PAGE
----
A Storyby Zora Neale Hurston
The Villagers said that John Redding was a queer child. His mother thought he was too. She would shake her head sadly, and observe to John’s father: “Alf, it’s too bad our boy’s got a spell on ’im.”
The father always met this lament with indifference, if not impatience.
“Aw, woman, stop dat talk ’bout conjure. Tain’t so nohow. Ah doan want Jawn tuh git dat foolishness in him.”
“Cose you allus tries tuh know mo’ than me, but Ah ain’t so ign’rant. Ah knows a heap mahself. Many and many’s the people been drove outa their senses by conjuration, or rid tuh deat’ by witches.”
“Ah keep on telling yuh, woman, tain’t so. B’lieve it all you wants tuh, but dontcha tell mah son none of it.”
Perhaps ten-year-old John was puzzling to the simple folk there in the Florida woods for he was an imaginative child and fond of day-dreams. The St. John River flowed a scarce three hundred feet from his back door. On its banks at this point grow numerous palms, luxuriant magnolias and bay trees with a dense undergrowth of ferns, cat-tails and rope-grass. On the bosom of the stream float millions of delicately colored hyacinths. The little brown boy loved to wander down to the water’s edge, and, casting in dry twigs, watch them sail away down stream to Jacksonville, the sea, the wide world and John Redding wanted to follow them.
Sometimes in his dreams he was a prince, riding away in a gorgeous carriage. Often he was a knight bestride a fiery charger prancing down the white shell road that led to distant lands. At other times he was a steamboat captain piloting his craft down the St. John River to where the sky seemed to touch the water. No matter what he dreamed or who he fancied himself to be, he always ended by riding away to the horizon; for in his childish ignorance he thought this to be farthest land.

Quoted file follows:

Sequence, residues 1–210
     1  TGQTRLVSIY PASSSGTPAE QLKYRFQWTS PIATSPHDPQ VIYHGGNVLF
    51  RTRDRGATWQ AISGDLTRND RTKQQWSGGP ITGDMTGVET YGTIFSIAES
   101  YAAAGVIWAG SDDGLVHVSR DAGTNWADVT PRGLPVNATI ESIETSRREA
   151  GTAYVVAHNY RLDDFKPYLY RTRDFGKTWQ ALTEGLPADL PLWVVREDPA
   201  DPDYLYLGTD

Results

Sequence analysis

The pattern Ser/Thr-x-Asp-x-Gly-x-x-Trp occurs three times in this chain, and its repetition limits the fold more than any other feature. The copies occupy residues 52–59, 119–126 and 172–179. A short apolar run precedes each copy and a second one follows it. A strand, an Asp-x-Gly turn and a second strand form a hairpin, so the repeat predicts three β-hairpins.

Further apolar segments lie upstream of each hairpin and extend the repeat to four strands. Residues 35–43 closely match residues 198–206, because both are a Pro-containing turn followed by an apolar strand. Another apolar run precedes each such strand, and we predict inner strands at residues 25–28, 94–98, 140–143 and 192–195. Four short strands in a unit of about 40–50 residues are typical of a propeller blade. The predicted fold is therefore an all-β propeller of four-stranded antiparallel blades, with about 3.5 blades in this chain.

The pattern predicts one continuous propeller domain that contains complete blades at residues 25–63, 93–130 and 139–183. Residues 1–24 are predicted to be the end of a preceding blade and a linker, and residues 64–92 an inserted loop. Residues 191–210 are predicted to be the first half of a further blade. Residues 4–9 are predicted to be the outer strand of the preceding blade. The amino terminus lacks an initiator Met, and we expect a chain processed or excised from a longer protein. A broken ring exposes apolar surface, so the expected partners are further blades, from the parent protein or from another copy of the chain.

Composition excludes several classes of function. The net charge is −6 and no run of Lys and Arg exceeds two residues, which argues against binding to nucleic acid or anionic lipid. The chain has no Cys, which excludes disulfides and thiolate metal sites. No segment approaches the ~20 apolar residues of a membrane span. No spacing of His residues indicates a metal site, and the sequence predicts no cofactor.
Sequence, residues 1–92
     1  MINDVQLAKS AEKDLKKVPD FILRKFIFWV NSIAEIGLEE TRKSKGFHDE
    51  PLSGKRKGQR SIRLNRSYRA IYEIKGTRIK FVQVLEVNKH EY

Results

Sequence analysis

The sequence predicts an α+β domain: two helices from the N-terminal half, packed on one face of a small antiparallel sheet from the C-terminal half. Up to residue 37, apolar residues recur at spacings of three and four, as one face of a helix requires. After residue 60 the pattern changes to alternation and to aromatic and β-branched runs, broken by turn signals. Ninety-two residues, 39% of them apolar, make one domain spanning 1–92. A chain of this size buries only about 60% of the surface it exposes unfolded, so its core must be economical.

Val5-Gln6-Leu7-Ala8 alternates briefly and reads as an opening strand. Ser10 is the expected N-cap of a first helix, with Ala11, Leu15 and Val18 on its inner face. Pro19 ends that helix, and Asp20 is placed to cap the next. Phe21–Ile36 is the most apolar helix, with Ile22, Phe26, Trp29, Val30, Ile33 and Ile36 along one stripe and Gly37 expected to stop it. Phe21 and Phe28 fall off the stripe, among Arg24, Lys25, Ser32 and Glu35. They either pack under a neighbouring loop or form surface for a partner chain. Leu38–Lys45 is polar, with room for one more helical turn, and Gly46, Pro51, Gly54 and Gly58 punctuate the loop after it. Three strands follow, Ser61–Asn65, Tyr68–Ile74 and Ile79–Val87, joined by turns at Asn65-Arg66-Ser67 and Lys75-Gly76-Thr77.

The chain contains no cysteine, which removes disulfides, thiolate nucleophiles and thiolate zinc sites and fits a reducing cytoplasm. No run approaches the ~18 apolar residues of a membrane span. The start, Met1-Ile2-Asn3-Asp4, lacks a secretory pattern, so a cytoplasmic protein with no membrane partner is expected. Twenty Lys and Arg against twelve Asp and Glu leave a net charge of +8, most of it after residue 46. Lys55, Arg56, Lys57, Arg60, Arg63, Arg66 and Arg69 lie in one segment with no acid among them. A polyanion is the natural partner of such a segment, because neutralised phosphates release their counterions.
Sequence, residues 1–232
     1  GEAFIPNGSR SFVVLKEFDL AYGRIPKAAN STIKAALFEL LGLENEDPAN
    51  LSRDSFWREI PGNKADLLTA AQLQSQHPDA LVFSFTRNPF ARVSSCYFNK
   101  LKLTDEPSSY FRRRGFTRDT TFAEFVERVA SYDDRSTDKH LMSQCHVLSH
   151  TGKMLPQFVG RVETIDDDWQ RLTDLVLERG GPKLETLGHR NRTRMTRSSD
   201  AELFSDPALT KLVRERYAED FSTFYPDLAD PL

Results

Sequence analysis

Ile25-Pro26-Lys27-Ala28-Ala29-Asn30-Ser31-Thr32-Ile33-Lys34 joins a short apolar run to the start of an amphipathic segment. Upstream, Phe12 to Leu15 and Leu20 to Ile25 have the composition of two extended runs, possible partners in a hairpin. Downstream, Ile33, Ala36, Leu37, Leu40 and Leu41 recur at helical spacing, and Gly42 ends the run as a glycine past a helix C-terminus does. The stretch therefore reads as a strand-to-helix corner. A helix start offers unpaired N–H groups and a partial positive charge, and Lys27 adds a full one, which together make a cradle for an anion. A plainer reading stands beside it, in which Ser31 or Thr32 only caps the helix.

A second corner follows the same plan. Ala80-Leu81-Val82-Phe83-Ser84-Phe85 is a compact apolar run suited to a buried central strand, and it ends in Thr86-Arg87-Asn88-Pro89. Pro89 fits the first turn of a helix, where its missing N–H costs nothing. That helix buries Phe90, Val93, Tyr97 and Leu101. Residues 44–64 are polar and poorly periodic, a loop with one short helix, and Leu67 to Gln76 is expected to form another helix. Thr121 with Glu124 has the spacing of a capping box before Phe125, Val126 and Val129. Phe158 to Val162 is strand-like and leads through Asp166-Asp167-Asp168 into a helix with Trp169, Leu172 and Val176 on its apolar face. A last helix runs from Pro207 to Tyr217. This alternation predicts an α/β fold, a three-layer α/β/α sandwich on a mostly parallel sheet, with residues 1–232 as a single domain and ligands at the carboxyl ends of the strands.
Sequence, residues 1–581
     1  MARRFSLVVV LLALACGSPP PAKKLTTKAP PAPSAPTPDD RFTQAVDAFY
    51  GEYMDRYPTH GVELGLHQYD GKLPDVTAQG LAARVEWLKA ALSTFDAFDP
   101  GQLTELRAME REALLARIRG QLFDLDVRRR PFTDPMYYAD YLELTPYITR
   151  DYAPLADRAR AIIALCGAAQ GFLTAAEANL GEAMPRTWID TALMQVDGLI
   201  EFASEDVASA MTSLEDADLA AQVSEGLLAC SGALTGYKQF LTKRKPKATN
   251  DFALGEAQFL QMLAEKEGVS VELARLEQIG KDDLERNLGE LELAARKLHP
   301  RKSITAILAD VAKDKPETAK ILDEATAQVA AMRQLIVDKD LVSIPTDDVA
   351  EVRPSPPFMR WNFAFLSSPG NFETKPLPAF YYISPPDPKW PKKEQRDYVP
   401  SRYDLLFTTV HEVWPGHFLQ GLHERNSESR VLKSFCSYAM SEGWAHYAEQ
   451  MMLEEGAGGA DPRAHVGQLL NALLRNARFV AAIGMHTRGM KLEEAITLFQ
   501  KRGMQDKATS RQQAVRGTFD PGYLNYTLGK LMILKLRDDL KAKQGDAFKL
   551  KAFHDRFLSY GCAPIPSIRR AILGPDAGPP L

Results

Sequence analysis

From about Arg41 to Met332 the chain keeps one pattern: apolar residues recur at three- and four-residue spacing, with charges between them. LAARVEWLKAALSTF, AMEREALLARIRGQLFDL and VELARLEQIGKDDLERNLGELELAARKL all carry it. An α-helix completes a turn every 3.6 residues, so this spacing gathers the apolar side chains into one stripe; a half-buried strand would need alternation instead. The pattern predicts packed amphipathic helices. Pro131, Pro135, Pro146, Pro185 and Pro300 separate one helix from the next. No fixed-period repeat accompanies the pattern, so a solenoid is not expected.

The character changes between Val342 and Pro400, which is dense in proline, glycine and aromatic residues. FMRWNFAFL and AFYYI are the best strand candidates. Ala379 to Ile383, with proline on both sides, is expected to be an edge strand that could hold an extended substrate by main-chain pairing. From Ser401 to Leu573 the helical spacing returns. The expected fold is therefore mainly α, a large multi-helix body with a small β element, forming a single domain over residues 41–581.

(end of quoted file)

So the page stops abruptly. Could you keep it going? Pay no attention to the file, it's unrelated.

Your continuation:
But these twigs, which John called his ships, did not always sail away. Sometimes they would be swept in among the weeds growing in the shallow water, and be held there. One day his father came upon him scolding the weeds for stopping his sea-going vessels.
“Let go mah ships! You ole mean weeds you!” John screamed and stamped impotently. “They wants tuh go ’way. You let ’em go on!”
Alfred laid his hand on his son’s head lovingly. “What’s mattah, son?”
“Mah ships, pa,” the child answered weeping. “Ah throwed ’em in to go way off an’ them ole weeds won’t let ’em.”
“Well, well, doan cry. Ah thought youse uh grown up man. Men doan cry lak babies. You mustn’t take it too hard ’bout yo’ ships. You gotta git uster things gittin’ tied up. They’s lotser folks that ’ud go on off too ef somethin’ didn’ ketch ’em an’ hol’ ’em!”
Alfred Redding’s brown face grew wistful for a moment, and the child noticing it, asked quickly: “Do weeds tangle up folks too, pa?”
“Now, no, chile, doan be takin’ too much stock of what Ah say. Ah talks in parables sometimes. Come on, les go on tuh supper.”
Alf took his son’s hand, and started slowly toward the house. Soon John broke the silence.
“Pa, when Ah gets as big as you Ah’m goin’ farther than them ships. Ah’m goin’ to where the sky touches the ground.”
“Well, son, when Ah wuz a boy Ah said Ah wuz goin’ too, but heah Ah am. Ah hopes you have bettah luck than me.”
“Pa, Ah betcha Ah seen somethin’ in th’ woodlot you ain’t seen!”
“See dat tallest pine tree ovah dere how it looks like a skull wid a crown on?”
“Yes, indeed!” said the father looking toward the tree designated. “It do look lak a skull since you call mah ’tention to it. You ’magine lotser things nobody else evah did, son!”
“Sometimes, Pa dat ole tree waves at me just aftah th’ sun goes down, an’ makes me sad an’ skeered, too.”
“Ah specks youse skeered of de dahk, thas all, sonny. When you gits biggah you won’t think of sich.”
Hand in hand the two trudged across the plowed land and up to the house, the child dreaming of the days when he should wander to far countries, and the man of the days when he might have—and thus they entered the kitchen.